Red Nichols

The ‘Yoda’ Of Holster Designers

By Roy Huntington

When I retired from the San Diego PD in 1998, I slid sideways into our industry, going to work for Bianchi Intl. as their law enforcement sales manager. This was before it was bought by Safariland. The ghosts of the “old days” still haunted the place. One name popping up all the time was Red Nichols. Red left Bianchi in the 1980’s but during the previous two decades had been the foundation for many iconic designs for the company. “Oh, Red did that,” was heard all the time in response to my questions. He teamed with John to design the ground-breaking Askins Avenger, designed the Pistol Pocket, worked with Ray Chapman on the Chapman Hi-Ride, designed the Cyclone Cross Draw Field Holster, the Black Widow Slide (still in production), the famous 9R upside down shoulder rig, designed the famous M12 military holster (with John) and even the “Judge” duty holster, a staple on cop’s hips in the late 1970’s and early 1980’s (I carried one for years).

Red has over 100 significant designs to his name with dozens of patents, and has worked with key holster makers like DeSantis, Aker, Assault Systems, Galco and others. A few years ago, Red decided to move to Australia and start fresh. His workmanship is, frankly, without peer, and his 50+ years of design knowledge, build and market experience shows in his work today. He makes every item one at a time, by hand, cutting each bit out by hand and even hand polishes — for that sensory-overload beautiful finish.

Red’s turn-around time is four weeks — guaranteed. You order, he makes it, emails you when it’s finished (along with a photo), then, if you approve it, he emails a bill and you pay with Paypal. Four weeks or less and it’s in your hands — and the holster or accessory is guaranteed for life. No fooling.


The “Beat the Devil” (L) and “Maltese Falcon” stand in front of Red’s “Sidewinder
Triple Curve” belt. They represent the high quality Red is famous for.


Virtuosity Meets Function

Four items are shown here and each is significant. The “Sidewinder Triple Curve Belt” (shown laced through the brown “Beat the Devil” holster) indeed has a “triple curve” built into it. I didn’t have room to show it, but it’s a bit of magic coming from making things like this for over 50 years. It feels like the curvy leather belt you’ve worn for 30 years — but it’s new.

The “Beat the Devil” is a sort of Askins Avenger but upgraded. Made of cowhide, it and Red’s other holsters can be had in a limited range of fits but a wide range of leathers. Holsters are for guns Red feels most likely to be carried by professionals. GLOCK’s, 1911’s, Beretta 92 family, SIG 9mm and .40 models, Hi-Power and the S&W Shield are fits so far.

The “Maltese Falcon” (the black rig) is for a railed 1911. My Officer’s shown doesn’t have a rail, but you get the idea. It’s horsehide for all the reasons horsehide is good. The amazing thing about these holsters is how light they are. The “Devil” is 3.4 ounces, while the “Falcon” is right at 4.0 ounces. A strong breeze might blow these off my desk here. But they are sound, strong and beautifully done. Anybody can rivet 14-ounce cowhide into a one-pound holster, but refinement like this takes time, experience and talent. They work, in a word — superbly.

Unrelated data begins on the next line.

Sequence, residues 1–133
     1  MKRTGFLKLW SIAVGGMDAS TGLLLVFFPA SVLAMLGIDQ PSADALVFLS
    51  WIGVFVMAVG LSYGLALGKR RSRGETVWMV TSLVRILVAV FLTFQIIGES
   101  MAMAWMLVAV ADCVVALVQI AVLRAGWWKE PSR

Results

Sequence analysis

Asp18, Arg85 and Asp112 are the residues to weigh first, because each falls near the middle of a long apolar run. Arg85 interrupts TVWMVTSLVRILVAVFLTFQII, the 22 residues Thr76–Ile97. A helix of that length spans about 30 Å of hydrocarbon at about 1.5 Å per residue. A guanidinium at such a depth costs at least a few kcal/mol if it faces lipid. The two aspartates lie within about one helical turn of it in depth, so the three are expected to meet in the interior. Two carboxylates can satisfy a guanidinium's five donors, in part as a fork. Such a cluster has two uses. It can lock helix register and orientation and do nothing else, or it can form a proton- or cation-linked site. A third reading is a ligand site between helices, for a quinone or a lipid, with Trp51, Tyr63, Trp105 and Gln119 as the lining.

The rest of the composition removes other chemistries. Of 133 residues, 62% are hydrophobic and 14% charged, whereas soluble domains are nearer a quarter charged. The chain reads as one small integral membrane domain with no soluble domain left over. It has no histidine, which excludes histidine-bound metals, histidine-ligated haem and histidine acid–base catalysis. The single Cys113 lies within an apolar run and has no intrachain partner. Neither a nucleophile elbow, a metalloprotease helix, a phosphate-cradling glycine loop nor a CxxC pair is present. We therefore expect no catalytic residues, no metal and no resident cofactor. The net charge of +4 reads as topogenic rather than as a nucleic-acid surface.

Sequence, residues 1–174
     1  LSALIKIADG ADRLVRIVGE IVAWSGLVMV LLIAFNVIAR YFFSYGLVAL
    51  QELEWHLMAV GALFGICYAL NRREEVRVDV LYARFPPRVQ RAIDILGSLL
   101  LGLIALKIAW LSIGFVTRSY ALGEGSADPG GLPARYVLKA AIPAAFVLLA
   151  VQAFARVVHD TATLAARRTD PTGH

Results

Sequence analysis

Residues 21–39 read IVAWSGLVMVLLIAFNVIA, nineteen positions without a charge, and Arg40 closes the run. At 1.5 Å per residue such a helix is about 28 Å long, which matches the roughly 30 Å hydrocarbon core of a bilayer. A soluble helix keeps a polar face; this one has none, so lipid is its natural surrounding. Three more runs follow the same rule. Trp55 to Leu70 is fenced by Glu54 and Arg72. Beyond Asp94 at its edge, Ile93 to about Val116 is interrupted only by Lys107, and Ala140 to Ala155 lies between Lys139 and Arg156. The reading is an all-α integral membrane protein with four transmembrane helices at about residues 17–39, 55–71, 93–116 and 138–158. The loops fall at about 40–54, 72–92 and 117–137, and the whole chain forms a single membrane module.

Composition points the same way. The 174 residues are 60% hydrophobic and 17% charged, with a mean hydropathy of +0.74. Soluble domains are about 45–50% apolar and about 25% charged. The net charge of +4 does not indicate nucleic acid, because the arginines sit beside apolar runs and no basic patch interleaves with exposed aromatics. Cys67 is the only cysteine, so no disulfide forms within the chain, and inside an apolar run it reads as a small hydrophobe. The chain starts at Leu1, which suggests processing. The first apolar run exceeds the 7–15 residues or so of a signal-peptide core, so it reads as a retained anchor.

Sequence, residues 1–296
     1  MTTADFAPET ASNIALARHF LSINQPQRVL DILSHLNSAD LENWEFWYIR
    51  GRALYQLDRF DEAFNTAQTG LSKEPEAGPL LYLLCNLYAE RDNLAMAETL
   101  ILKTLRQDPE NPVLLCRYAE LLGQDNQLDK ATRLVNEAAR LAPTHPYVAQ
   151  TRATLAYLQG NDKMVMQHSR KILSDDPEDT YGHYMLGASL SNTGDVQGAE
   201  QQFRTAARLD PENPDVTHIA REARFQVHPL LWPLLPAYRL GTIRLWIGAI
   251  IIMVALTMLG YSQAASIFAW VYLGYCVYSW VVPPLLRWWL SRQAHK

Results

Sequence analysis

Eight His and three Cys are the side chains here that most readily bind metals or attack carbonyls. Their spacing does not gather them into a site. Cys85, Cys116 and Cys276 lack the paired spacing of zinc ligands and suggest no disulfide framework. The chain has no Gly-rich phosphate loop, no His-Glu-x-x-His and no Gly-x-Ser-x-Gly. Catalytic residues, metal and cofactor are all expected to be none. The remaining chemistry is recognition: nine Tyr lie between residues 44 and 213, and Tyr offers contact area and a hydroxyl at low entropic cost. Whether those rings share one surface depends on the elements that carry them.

Oh, and the names? Think Humphrey Bogart films.


Red’s handmade reproduction of his documented original Tom Threepersons holster
is a stunner, here with a nickel/ ivory 4¾” Colt like Tom’s original gun.
This is living history, if you ask us.


A stamped rendition of Tom Threepersons Prohibition Agent
badge is on the back of the rig. The marking (3P1) means
this is the first of the series to be made.

Tom Threepersons

In a future issue we’ll be running a feature on this iconic lawman from the early part of the 20th century. But Red (who wrote the feature) has the only documentable original Tom Threepersons holster, and this is his first-ever copy of it. To call this design a classic is to understate the obvious. Red was able to track down the original maker (not S.D. Myres, by the way, even though Threepersons authorized a version for them). This replica even has a copy of Tom’s Prohibition Agent badge stamped on the back. This first one is marked “3P1” on the back, for “Threepersons, Number One” in the series. It’s substantial, with the original welting and carving, yet retains the lightness Red seems to magically manage. It’s living history — yet as modern as today. The concept still works as perfectly now as it did 100 years ago.

Red is now offering this holster for $200 plus $20 postage, including the four-week delivery promise. Don’t resist. He who hesitates is lost. I warned you.

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One thought on “Red Nichols

  1. Arlen Wortinger

    do you make these holsters for the 1911 45 ? I am interested in ordering if you do. thanks.

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